Stable Jstor link.

“A war that is distinguished by the high level of technical precision required to wage it, is bound to leave behind documents more numerous and varied than battles waged in earlier times, less present to consciousness”. p. 24

I think this shows a bit at the extent to which “contemporary history” is sometimes too eager to pronounce the divergence or distinctiveness of the present, to see time’s arrow moving in a particular direction. Because it doesn’t seem so now: so many of the wars fought between 1993-2013 have been unphotographed, undocumented, undescribed. Even the war in Iraq and Afghanistan after 2001 less so in its battlefields and more so in its occupations, and most famously so against the will of those who planned the war–who were undone in part by the ubiquity of personal photography. E.g., Abu Ghraib was photographed not because of an official desire for documentation but because almost anyone can create photographic and violent spectacle now. Humanists aren’t any better at being futurists than anyone else, I think–the projection into a future seems to be the way to deliver an authority about one’s readings of the present. But I should appreciate more the context I guess in which Junger was perceived to be reading this shift or change.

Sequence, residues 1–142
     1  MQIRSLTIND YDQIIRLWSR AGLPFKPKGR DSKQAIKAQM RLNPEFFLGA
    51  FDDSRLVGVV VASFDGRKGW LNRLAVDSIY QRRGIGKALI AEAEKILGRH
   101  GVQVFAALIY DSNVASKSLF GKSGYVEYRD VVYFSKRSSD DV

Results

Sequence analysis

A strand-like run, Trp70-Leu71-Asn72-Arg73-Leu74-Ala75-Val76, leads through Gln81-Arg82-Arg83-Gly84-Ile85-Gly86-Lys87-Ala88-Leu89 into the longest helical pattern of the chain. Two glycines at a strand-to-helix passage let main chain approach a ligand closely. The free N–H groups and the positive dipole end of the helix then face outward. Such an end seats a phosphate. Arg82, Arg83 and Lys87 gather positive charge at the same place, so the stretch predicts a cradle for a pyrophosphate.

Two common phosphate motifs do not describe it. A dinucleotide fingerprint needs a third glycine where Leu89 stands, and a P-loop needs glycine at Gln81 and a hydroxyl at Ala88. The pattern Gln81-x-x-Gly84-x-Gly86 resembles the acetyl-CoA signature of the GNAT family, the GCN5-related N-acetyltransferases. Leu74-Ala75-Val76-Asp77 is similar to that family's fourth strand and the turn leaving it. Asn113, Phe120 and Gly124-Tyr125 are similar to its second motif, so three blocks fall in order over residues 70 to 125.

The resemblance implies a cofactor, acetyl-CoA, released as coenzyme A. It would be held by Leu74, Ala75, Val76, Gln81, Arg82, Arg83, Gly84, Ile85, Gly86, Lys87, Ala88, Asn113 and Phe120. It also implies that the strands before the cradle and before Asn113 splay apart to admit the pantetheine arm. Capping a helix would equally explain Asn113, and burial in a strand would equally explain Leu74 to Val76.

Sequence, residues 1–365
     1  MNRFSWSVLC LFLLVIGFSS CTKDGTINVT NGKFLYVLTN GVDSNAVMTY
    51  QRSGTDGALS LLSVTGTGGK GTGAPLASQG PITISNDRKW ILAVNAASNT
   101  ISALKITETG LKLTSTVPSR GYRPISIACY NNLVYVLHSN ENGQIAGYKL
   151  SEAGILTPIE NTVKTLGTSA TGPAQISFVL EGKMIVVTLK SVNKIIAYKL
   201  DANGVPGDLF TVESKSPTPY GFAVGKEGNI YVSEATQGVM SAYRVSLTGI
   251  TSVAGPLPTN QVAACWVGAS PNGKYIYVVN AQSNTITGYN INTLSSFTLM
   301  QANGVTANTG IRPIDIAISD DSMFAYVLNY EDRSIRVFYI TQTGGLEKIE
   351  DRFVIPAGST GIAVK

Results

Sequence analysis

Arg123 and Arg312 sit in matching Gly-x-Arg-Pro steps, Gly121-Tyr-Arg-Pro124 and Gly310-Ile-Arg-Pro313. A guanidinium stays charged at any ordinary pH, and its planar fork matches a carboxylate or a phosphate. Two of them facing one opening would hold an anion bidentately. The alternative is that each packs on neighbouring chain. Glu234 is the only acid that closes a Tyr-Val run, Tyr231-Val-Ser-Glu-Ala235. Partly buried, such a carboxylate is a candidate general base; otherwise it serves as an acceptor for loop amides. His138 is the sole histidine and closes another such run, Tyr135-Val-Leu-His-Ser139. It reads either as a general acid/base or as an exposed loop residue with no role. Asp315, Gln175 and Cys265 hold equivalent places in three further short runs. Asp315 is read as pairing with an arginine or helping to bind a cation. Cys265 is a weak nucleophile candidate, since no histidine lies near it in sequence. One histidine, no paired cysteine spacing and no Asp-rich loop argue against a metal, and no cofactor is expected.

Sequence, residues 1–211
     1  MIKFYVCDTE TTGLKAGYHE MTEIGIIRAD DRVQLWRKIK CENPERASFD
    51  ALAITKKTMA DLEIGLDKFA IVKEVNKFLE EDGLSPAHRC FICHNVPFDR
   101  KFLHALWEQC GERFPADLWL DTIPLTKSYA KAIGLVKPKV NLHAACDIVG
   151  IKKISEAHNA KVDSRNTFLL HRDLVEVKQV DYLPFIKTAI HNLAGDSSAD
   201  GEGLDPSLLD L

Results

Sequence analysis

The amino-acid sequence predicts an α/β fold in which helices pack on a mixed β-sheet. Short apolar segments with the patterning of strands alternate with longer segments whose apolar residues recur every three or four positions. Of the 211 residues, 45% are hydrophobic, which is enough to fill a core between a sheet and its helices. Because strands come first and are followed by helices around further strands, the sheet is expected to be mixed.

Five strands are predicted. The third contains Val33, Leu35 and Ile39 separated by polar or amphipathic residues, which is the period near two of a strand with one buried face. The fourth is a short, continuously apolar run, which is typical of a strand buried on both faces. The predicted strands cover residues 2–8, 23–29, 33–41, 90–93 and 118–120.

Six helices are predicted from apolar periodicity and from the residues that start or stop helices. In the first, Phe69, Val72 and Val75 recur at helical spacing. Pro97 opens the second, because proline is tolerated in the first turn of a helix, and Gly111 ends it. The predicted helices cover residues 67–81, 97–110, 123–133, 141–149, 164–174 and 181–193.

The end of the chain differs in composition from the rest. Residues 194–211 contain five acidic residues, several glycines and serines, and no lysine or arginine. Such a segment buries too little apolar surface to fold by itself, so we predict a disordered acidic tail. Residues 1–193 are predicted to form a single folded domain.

“For the attentive observer, a collection of such optical documents opens the way for a valuation of war not only as a succession of battles, but in its essence, as labor as well. In particular, the viewer is offered a singular view of horror and of the desolation of a landscape that will in all probability never be repeated.” p. 25

“Weapons are becoming continually more abstract, developing in stride with the technological world in general; increased mechanization makes them more mobile and effective at greater distances. One could guess that the army of engines which will carry these weapons across the land and through the air will no longer tolerate an extended stalemate on the front…”p. 25

Seems to me a huge difference between those photographs/videos created as spectacle, those deposited as document, and those captured by presence and accident…